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I’m glad that this worked out, because I have just enough discontinued Jaegar Extrafine Merino Aran to complete this sweater.  Here’s a closeup of the stitch pattern:

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There’s a 4 st cable in the center, and 2 st cables flanking it.  Very texturey!

New crafter!

Some of you may have wondered about my radio silence for the past…umm..almost a year!  Well, I have an excuse!  I was building a new crafter to add to the Craft Attack family.  (and running after the first toddler took the blogging right out of me!)  Introducing: Nathan Max Weber

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And yes, that is a Baby Shedir on his little head.  It fit perfectly at the hosptial too!  Granted, he was a 9 lb, 5 oz baby (ouch!) but it kept him nice and cozy, or I’d like to think so.  I used the Shedir pattern on Knitty.com and modified it with the suggestions from the Something from Nothing blog. What a great idea!  It is a nice traveling stitch pattern and I used the technique that I explained in a previous post.  The yarn was Rowan fingering wool, and was a joy to work with.  Coming soon:  more Nate-wear!  I did get some knitting done while I was expecting this little guy.  Hopefully, I’ll have more time to feed this blog.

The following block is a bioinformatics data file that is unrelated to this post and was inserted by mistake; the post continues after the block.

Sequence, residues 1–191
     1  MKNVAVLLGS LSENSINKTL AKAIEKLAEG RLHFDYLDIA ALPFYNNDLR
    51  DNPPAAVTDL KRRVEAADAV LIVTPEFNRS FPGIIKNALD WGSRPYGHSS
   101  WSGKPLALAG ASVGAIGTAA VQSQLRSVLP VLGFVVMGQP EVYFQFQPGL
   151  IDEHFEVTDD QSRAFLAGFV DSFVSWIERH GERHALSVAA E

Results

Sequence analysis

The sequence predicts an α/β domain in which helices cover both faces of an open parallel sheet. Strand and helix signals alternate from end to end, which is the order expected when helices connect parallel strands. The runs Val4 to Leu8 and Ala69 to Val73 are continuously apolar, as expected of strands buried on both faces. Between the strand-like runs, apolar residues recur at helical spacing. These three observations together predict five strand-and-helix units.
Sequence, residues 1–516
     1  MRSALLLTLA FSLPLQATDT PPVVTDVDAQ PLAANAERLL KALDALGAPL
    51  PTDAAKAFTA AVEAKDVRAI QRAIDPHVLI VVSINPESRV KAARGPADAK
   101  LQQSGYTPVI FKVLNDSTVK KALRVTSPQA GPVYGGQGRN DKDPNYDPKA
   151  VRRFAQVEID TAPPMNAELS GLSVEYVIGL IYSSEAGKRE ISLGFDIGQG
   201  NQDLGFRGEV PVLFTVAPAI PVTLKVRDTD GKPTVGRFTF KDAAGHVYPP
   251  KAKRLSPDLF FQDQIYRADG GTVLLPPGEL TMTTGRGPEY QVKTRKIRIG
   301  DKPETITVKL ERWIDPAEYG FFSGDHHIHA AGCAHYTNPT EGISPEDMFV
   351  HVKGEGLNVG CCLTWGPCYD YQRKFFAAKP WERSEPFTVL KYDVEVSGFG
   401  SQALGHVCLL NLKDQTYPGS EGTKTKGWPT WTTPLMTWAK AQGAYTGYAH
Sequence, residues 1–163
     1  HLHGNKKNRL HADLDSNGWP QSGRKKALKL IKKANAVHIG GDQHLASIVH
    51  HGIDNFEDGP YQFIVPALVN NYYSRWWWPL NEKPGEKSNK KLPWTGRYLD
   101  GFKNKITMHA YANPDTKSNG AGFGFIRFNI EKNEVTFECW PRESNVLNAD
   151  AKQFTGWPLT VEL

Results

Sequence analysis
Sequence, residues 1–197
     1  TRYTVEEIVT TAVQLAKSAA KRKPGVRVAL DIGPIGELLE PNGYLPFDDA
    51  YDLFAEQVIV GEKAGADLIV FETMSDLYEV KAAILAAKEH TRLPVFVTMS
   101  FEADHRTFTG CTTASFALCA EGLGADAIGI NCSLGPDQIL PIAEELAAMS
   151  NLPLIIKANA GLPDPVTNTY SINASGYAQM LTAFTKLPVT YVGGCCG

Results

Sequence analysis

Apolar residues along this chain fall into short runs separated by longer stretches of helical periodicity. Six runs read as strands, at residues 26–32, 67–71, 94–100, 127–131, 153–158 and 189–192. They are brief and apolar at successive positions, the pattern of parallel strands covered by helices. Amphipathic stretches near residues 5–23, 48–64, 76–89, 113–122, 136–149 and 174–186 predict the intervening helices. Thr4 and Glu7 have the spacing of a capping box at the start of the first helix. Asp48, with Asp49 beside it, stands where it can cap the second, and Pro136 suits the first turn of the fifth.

It’s Uncle Irving!

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Yes, that’s the little guy with his new leggings pulled up as far as the eye can see.  This is one of the projects from Knitter’s Almanac for February.  February’s theme is a ‘few baby’s things’ and he’s reaping the rewards of all the projects.  In addition to the leggings there is a sweater, bonnet, a double knitted blanket (blocking on my couch right now) and a shawl.  I am probably not going to finish all of the projects, but I hope to complete the baby sweater before the end of February.  I caught the strain of flu that evaded the vaccine, and lost almost a week of knitting time.  Had some interesting hallucinations, though.